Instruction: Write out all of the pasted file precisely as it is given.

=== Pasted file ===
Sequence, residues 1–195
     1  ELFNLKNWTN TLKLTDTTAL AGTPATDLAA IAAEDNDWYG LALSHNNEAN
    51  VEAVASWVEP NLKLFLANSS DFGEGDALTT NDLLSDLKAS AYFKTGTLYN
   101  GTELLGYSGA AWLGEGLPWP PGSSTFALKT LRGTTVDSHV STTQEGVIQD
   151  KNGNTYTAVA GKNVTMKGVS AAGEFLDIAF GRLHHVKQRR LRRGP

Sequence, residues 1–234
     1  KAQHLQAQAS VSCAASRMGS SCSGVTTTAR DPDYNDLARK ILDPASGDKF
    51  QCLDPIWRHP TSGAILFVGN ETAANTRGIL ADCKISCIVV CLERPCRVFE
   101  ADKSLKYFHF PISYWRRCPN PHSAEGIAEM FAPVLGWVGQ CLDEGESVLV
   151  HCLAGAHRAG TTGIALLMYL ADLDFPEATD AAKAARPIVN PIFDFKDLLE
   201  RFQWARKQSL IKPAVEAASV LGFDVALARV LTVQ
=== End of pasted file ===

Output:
Sequence, residues 1–195
     1  ELFNLKNWTN TLKLTDTTAL AGTPATDLAA IAAEDNDWYG LALSHNNEAN
    51  VEAVASWVEP NLKLFLANSS DFGEGDALTT NDLLSDLKAS AYFKTGTLYN
   101  GTELLGYSGA AWLGEGLPWP PGSSTFALKT LRGTTVDSHV STTQEGVIQD
   151  KNGNTYTAVA GKNVTMKGVS AAGEFLDIAF GRLHHVKQRR LRRGP

Sequence, residues 1–234
     1  KAQHLQAQAS VSCAASRMGS SCSGVTTTAR DPDYNDLARK ILDPASGDKF
    51  QCLDPIWRHP TSGAILFVGN ETAANTRGIL ADCKISCIVV CLERPCRVFE
   101  ADKSLKYFHF PISYWRRCPN PHSAEGIAEM FAPVLGWVGQ CLDEGESVLV
   151  HCLAGAHRAG TTGIALLMYL ADLDFPEATD AAKAARPIVN PIFDFKDLLE
   201  RFQWARKQSL IKPAVEAASV LGFDVALARV LTVQ